1. Asheville needs to take steps to rid itself of its pedestrian hostility (being someone who bikes or walks for large portion of my transportation needs, I have long felt that pedestrians are treated as lesser citizens to those who utilize automobiles).
  2. Infrastructure needs to be implaced to decrease automobile usage and to make made multi-modal transportation methods feasible (in Asheville this is somewhat difficult due to an aging transportation network).
  3. Attention needs to be devoted to ridership demographics and focus needs to be directed toward attracting a more diverse socio-economic crowd in order to make mass-transit "cool" again.
  4. Options such as park-to-ride lots need to be implemented to decrease the amount of parking space and traffic utilized in the city center.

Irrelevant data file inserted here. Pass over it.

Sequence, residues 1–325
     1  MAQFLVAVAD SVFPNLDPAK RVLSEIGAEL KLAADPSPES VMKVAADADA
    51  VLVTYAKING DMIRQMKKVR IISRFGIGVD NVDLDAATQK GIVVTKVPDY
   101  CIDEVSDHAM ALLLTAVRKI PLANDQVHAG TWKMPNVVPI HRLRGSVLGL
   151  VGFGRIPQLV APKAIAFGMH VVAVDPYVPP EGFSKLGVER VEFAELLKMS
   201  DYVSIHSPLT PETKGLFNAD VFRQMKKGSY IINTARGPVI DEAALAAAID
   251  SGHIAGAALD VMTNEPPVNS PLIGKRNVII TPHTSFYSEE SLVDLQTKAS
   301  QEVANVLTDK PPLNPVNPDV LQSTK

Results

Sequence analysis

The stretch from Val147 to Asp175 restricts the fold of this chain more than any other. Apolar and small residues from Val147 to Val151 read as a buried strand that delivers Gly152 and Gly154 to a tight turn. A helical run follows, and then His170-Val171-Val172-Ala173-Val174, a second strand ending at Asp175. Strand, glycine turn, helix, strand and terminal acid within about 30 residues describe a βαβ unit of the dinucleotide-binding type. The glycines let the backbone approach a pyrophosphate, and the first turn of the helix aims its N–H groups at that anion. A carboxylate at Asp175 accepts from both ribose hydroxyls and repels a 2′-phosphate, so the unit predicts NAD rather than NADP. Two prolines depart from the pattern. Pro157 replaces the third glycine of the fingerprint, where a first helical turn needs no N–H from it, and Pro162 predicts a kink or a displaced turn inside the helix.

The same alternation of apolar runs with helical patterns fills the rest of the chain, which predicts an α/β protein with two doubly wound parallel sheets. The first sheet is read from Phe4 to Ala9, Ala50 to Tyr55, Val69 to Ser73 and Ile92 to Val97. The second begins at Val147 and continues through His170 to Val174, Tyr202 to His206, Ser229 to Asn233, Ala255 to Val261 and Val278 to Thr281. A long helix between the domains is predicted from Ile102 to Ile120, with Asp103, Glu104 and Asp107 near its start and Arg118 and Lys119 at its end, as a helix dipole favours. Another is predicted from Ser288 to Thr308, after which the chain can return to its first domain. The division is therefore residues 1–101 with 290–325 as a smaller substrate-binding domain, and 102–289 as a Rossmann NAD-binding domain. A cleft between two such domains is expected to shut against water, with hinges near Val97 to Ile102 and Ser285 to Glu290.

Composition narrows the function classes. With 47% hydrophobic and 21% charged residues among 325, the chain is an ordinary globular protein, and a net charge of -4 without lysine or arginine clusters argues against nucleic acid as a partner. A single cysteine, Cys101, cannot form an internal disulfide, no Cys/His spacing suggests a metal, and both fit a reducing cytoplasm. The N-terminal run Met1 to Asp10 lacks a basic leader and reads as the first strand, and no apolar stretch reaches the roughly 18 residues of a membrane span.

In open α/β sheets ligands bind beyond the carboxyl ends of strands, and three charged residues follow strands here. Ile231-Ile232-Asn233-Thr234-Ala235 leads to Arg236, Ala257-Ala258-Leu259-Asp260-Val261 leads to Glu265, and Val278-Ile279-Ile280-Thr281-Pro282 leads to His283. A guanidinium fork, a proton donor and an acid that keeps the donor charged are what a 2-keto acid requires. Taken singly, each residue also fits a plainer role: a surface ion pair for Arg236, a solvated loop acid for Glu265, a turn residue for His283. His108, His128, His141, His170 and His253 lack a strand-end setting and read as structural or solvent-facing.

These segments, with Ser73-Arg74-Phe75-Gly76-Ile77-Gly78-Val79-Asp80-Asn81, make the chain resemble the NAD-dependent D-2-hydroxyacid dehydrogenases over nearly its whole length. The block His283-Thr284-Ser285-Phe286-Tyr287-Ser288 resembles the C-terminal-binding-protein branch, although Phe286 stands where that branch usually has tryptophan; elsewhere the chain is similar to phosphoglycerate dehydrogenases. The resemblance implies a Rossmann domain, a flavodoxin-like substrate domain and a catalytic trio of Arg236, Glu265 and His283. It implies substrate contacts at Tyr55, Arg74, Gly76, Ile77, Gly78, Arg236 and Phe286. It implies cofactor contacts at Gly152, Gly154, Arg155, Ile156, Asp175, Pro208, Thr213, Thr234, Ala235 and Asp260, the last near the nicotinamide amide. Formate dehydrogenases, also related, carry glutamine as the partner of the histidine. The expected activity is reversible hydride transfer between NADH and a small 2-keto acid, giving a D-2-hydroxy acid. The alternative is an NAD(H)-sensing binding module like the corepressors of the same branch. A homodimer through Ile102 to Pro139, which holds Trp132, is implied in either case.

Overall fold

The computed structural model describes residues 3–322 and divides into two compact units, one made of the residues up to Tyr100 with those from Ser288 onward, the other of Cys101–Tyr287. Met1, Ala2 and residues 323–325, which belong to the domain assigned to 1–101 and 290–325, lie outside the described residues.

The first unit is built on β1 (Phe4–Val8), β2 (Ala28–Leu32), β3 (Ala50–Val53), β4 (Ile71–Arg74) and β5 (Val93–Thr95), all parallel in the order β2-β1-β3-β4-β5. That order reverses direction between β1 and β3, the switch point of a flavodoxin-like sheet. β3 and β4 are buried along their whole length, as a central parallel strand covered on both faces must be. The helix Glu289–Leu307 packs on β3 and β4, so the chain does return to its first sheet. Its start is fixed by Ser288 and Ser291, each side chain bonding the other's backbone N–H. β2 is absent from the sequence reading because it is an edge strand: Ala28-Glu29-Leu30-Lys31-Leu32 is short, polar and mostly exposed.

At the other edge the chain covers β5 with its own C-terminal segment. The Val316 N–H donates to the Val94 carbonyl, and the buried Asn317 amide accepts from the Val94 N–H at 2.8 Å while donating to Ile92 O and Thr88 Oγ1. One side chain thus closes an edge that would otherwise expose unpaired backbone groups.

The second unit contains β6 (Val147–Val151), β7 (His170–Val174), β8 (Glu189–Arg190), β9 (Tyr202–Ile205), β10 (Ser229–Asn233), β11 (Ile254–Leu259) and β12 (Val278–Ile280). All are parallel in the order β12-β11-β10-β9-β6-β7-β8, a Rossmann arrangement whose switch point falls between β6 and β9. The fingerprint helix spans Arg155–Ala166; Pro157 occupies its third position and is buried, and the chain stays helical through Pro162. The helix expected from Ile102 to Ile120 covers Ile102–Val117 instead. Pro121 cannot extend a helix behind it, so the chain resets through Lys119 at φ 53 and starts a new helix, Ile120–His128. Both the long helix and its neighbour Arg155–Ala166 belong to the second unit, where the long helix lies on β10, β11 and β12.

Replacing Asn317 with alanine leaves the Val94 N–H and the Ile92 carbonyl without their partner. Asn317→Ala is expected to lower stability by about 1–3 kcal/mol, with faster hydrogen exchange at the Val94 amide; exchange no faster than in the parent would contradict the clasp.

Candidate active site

5. Efforts can be directed toward the entire greater Asheville area and its more problematic corridors rather than just the city center.
  6. Proper planning will require efforts from a number of organizations included NGOs, government entities, business interests, and true citizen involvement.
Some of these conclusions were derived from direct statements within the talk and others were pieced together from the discussion. I believe that much of the dialog today can be extended to other cities and I learned that quite a number of other cities have technologies and ideas that Asheville needs to examine.

02 July 2007

Hawth's Tools

So this is probably not new and exciting to everyone else, but I recently ran across the Hawth's Analysis Tool Set available at http://www.spatialecology.com/. This is an extremely useful set of tools for anyone doing any type of ecology work with ArcMap as it expands Arc's functionality in this area.